Editor's note: This is the third article in a three-part series about the current and future state of student employment on college campuses. Read the first article here and the second article here.
Work-study programs are getting more attention in the hopes they will tackle some of higher education's thorniest problems: Attracting and retaining more low-income students, and addressing the chiding colleges often receive about not preparing students for the world of work.
"This is an important time for work-study," said Reid Setzer, co-author of a 2014 review of the Federal Work-Study (FWS) program that critiques the formula it uses to distribute $1 billion in funds each year, as well as the kinds of jobs it offers students. "The key question is: How can we develop better employment opportunities, and how can we get them to low-income students?"
The answer is proving to be two-part: changing how jobs are structured and the nature of the work itself. To both those ends, colleges are getting creative in offering work experiences that reflect students' academic and career goals and that help set them on a related path after graduation.
Better jobs on campus
At the University of Texas at El Paso (UTEP), students seeking FWS and institutionally funded jobs must develop a resume, apply through a job board and have a formal interview. Once in the role, student workers are reviewed based on written goals and job parameters.
Experiencing the routine elements of a job "increases professional enrichment opportunities for student employees," said Christian Corrales, employer and community relations manager at UTEP. "We want to enhance their student employment experience, plus it helps them develop professional skills in the process."
UTEP is one of several colleges that use hiring, onboarding and management processes that mirror those students will encounter in jobs outside of campus.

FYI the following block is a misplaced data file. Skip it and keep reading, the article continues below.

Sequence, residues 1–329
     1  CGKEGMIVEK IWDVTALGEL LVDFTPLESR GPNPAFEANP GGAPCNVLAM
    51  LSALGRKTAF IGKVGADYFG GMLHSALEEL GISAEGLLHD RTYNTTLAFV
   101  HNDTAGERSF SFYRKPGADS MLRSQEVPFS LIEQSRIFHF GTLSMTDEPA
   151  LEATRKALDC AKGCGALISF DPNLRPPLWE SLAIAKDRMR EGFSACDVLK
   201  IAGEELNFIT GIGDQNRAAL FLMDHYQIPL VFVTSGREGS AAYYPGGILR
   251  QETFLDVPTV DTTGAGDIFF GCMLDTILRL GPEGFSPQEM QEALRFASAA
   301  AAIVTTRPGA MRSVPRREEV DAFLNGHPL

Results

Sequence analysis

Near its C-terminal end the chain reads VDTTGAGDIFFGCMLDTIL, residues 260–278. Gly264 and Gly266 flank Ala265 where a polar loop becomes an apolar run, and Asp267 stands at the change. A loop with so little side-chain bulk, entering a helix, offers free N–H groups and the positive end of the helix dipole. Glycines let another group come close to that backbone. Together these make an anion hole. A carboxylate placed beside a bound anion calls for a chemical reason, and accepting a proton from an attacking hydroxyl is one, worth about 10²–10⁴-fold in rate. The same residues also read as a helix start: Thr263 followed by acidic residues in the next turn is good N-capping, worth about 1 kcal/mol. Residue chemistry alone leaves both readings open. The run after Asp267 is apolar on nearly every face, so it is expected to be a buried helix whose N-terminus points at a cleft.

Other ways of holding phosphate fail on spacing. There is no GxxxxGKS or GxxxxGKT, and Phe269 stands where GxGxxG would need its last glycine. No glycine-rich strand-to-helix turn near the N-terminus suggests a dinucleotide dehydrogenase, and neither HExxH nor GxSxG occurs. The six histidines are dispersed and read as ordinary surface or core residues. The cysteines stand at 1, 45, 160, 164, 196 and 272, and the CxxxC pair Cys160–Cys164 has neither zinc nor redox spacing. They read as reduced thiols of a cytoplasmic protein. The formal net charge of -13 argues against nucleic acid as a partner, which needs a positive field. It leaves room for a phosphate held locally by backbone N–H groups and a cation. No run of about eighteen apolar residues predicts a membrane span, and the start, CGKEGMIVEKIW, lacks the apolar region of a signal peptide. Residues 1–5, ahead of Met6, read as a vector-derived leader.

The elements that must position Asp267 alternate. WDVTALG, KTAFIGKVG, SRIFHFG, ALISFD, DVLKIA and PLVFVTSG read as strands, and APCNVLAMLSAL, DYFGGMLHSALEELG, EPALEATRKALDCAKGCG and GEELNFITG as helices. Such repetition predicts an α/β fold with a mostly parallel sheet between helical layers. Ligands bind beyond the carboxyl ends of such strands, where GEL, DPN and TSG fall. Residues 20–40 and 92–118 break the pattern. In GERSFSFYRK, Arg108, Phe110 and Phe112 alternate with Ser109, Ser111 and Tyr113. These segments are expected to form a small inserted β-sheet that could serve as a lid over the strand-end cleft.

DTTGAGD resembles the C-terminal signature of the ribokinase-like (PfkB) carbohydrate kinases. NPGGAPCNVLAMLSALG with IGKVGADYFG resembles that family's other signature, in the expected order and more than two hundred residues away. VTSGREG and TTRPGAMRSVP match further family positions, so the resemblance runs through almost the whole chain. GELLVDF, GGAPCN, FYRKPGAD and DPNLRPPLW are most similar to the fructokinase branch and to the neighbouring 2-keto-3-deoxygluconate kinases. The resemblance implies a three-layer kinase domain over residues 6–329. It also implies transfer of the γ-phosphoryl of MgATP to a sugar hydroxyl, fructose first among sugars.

At Moraine Valley Community College (MVCC), near Chicago, campus jobs are also run through a central office and have requirements similar to UTEP's. The college even recognizes student workers by naming an employee of the year.
Giving students a sense of the working world has other advantages, said Pamela Payne, director of the Job Resource Center at MVCC.
"Student employment improves [not only] employability skills but also retention and student success," she said, noting that student employees had an average cumulative 3.2 GPA last fall, compared to 2.8 for the rest of the student body. And 92% of those students were still enrolled the following spring, around 20 percentage points higher than for the general student body. (Participating students must be enrolled at least part-time and have a 2.0 GPA.)
The University of Iowa uses its GROW (Guided Reflection on Work) program to tie work-study jobs into learning outcomes by teaching student workers and their supervisors how to talk about those connections. Discussion points include how the job fits a students' academic interests, and whether what they're learning in class applies at work and vice versa.
The program's simple structure has garnered the interest of about 150 campuses since it launched in 2009, and it has been implemented at large public institutions like The Ohio State University and the University of Wisconsin-Madison, along with small private colleges such as Elon University.
Valencia College, in Orlando, Florida, employs students in its student affairs department. There, they work with a range of services, including assisting with new student orientation and implementing health and wellness programming, said Tracey Olsen-Oliver, the college's director of student development.
They also participate in workshops to learn interpersonal and workplace skills, such as how to communicate and collaborate more effectively.
"Employers repeatedly tell us that they want qualified applicants who are adept at soft skills that may not be addressed in the classroom but occur through experience and exposure to varying professional situations," Olsen-Oliver said.
UTEP, too, offers general professional development training for student workers in areas such as communication and emotional intelligence.
"The key question is: How can we develop better employment opportunities, and how can we get them to low-income students?"
Co-author, "A Federal Work Study Reform Agenda to Better Serve Low-Income Students"